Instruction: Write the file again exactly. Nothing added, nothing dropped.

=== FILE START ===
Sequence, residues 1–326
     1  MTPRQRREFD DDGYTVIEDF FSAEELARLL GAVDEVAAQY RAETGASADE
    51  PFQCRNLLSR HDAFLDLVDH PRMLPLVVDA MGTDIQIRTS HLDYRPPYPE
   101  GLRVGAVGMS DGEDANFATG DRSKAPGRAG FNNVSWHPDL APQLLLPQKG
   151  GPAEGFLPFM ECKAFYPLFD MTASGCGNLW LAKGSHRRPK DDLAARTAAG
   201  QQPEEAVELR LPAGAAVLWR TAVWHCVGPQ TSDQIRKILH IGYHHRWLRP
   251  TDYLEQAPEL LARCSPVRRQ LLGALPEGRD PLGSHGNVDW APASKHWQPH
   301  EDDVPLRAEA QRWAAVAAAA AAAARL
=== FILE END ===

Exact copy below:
Sequence, residues 1–326
     1  MTPRQRREFD DDGYTVIEDF FSAEELARLL GAVDEVAAQY RAETGASADE
    51  PFQCRNLLSR HDAFLDLVDH PRMLPLVVDA MGTDIQIRTS HLDYRPPYPE
   101  GLRVGAVGMS DGEDANFATG DRSKAPGRAG FNNVSWHPDL APQLLLPQKG
   151  GPAEGFLPFM ECKAFYPLFD MTASGCGNLW LAKGSHRRPK DDLAARTAAG
   201  QQPEEAVELR LPAGAAVLWR TAVWHCVGPQ TSDQIRKILH IGYHHRWLRP
   251  TDYLEQAPEL LARCSPVRRQ LLGALPEGRD PLGSHGNVDW APASKHWQPH
   301  EDDVPLRAEA QRWAAVAAAA AAAARL